The 73rd Article About 2020 Vision in Marketing Communications
The 73rd article you’ll have read this January linking the year 2020 with 20/20 vision…But this one’s different, we promise.
Read on to find out what 20/20 really means, in relation to both your eyes and your marketing strategy.
Blog Xpresso Communications
It’s 2020. Which means it is practically obligatory to construct a marketing communication which riffs on the idea of 20/20 vision. It’s a compulsory undertaking. The marketing gods demand it.
But do you know what the expression ‘20/20 vision’ actually means? People tend to refer to it as meaning ‘perfect’ vision, but this is inaccurate in two senses. Firstly, 20/20 means that an individual has the clarity of vision that a ‘normal’ person would have when viewing something from a distance of 20 feet. To put that in context, if you have 20/100 vision, it means that you’d have to stand 20 feet away from an object to see it, when a normal person could see it as far away as 100 feet. Blind as a bat, to coin an expression.
Conversely, you can actually have 20/15 vision. This would mean that you could stand 20 feet away from something and read it clearly, when a normal person would need to be standing at 15 feet. Your eyesight beats them by a full five feet.
So in fact, the concept of 20/20 vision speaks to something distinctly ‘normal’, not something perfect. (indeed, whilst the best ever recorded visual acuity is somewhat contested, a number of people point to Veronica Seider as the person with the most ‘perfect’ eyesight, who was said to have a measure of 20/2).
Secondly, talking of 20/20 vision as perfect vision is misguided because it speaks to only one dimension of vision – clarity. There are a whole host of other components to our vision which impact our wider ability to ‘see’; peripheral awareness, eye coordination, depth perception, focusing ability, intuitive or analytical thinking and chromatic vision; all of these contribute to your overall visual ability.
So where exactly are we going with this metaphor? Well, much marketing material will liken the concept of holding 20/20 vision in 2020 to the idea that their business has a clear vision of the path ahead. That’s all well and good. It might even be true. To an extent.
But if you take the realities of what 20/20 really means, then what this message expresses is that the business has a relatively average level of foresight, and moreover, that they only have clarity of vision because they are narrowly focusing on something just 20 feet away. When you take it like that, it isn’t such an impressive brag. What about the things in their periphery vision – the threats and opportunities that sneak in from the side when your attention is focused in front of you? What about having a vague impression of a looming obstacle far on the horizon, which you don’t see because you’re too busy focusing on the details of an object just a few metres away from you? The world of actual vision and the world of business vision have a number of parallels.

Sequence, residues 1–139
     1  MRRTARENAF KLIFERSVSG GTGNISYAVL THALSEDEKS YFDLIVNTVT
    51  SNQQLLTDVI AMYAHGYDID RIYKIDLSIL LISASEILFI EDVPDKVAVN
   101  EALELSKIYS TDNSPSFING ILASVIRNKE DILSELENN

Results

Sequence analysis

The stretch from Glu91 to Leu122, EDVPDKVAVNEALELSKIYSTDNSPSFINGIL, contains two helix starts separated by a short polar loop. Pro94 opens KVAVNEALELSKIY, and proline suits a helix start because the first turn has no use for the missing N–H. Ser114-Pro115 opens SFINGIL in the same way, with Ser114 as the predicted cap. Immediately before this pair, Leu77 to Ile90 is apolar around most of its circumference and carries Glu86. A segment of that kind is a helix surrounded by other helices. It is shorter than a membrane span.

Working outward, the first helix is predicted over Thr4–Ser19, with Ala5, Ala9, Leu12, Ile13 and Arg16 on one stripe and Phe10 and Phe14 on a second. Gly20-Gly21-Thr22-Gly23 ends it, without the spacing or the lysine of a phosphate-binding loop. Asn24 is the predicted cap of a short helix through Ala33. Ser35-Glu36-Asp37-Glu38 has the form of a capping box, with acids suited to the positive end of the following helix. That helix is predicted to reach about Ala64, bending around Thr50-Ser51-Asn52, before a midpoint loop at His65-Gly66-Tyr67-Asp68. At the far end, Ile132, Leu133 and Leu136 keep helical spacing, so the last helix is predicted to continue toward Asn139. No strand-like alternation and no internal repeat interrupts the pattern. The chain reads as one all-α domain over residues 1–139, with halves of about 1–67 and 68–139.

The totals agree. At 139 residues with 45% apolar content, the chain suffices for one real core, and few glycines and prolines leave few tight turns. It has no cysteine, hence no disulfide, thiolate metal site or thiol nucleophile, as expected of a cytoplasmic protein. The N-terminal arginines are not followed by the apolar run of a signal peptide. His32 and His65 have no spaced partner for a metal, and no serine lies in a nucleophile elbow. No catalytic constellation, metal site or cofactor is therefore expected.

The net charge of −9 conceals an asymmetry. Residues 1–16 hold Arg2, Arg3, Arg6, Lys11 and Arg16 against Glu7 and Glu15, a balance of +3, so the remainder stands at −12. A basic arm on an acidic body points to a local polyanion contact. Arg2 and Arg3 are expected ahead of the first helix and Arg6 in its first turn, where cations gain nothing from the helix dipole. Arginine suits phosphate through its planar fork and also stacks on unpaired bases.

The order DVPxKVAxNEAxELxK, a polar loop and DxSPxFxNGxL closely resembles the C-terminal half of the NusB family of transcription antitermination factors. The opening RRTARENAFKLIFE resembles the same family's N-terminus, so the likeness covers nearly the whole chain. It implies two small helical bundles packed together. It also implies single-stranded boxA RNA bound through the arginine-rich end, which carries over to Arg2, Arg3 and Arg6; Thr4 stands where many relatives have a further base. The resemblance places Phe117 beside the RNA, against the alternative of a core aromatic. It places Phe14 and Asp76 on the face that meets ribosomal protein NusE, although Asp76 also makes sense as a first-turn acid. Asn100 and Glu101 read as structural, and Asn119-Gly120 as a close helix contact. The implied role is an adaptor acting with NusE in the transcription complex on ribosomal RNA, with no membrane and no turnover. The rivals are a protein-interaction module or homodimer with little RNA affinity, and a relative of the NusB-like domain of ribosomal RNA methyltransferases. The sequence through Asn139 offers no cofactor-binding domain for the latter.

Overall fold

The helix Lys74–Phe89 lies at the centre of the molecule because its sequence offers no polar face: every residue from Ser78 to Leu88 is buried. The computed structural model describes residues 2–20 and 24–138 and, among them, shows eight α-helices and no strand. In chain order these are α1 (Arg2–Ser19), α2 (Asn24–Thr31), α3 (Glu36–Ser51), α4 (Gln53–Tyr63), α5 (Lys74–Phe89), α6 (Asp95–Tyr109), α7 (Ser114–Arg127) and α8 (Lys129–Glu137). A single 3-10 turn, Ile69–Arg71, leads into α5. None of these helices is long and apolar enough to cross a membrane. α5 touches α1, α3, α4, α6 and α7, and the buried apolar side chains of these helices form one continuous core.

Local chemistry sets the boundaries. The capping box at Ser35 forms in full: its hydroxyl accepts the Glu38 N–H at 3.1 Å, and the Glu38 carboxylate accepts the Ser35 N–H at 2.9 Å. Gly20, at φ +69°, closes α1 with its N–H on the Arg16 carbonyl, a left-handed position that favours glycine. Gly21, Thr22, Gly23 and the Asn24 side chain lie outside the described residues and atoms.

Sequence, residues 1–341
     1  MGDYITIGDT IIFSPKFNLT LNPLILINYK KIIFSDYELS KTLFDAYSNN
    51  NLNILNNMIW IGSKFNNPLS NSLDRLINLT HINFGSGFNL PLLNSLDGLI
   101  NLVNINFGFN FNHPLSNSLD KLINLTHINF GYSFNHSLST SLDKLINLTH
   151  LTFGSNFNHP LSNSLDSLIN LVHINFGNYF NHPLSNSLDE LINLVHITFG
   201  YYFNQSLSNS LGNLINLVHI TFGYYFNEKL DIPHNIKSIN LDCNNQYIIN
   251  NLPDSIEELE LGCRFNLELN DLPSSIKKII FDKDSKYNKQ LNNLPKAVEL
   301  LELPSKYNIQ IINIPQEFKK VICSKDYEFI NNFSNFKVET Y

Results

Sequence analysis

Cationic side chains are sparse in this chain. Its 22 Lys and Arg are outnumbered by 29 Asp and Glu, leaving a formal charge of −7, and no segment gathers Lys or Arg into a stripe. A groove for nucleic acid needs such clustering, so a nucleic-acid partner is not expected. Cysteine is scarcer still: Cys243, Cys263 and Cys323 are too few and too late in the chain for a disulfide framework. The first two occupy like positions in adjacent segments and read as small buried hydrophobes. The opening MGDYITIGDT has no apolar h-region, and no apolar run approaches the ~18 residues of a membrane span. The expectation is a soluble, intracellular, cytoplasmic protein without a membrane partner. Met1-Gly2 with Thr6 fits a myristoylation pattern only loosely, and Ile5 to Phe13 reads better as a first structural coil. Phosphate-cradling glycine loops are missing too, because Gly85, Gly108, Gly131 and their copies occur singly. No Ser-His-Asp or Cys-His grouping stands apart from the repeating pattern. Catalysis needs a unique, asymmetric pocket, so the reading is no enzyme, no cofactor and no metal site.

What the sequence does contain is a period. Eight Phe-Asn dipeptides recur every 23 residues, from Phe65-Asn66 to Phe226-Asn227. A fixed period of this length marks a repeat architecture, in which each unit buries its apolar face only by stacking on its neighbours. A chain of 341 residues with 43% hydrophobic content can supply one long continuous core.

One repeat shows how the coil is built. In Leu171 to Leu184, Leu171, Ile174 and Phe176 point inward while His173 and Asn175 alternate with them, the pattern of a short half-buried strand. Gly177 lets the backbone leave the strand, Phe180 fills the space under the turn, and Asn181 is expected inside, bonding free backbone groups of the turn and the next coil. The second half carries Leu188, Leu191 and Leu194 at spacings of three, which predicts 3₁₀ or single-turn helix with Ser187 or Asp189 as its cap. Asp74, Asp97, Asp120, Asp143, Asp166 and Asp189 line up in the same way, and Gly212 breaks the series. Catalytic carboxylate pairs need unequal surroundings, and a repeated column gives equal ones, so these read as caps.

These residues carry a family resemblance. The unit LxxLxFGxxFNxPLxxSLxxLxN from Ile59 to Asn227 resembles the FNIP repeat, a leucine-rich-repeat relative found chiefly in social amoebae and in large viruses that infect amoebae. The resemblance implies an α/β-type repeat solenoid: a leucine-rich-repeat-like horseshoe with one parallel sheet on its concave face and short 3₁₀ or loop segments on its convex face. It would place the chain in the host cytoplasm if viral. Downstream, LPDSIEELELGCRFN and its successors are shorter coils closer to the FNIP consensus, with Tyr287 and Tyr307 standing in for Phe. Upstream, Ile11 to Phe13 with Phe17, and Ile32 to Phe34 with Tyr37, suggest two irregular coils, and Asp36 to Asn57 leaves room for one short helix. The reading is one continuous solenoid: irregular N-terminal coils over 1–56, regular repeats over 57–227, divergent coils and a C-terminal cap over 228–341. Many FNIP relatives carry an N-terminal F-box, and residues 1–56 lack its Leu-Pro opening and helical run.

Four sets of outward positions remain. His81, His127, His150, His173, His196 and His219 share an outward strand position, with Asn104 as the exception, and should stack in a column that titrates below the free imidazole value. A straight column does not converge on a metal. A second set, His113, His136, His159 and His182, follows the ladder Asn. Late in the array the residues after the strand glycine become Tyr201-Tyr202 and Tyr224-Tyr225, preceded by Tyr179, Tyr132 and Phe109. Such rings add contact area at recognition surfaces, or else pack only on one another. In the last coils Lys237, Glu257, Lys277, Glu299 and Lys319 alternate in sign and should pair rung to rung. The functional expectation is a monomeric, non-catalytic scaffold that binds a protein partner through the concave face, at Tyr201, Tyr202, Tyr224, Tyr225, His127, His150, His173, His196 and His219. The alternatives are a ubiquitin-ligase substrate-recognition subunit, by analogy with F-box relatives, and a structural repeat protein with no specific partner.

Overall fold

Taken like this, the vision metaphor is actually quite apt for business. It might seem like a jaunty, amusing idea to link the year 2020 with the idea of 20/20 vision – but as with all quick, slick and superficial metaphors, when you dig down into the realities of the term, you understand that there are endless complexities and nuances.
Vision in the field of marketing communications
Marketing communication trends. The only place where you can possibly hope to have something resembling 20/20 vision here is in hindsight. And even then, in reality, very few people even manage to see what has gone behind them perfectly.
Certainly, we might be able to see what has occurred in the world of marketing over the past year, three years, and decade – in the sense that we can point to them and identify them. But do we understand them? Do we understand their full context – why they emerged, and what their true significance was? Can we really see them, or are we just seeing them? Maybe hindsight isn’t always 20/20.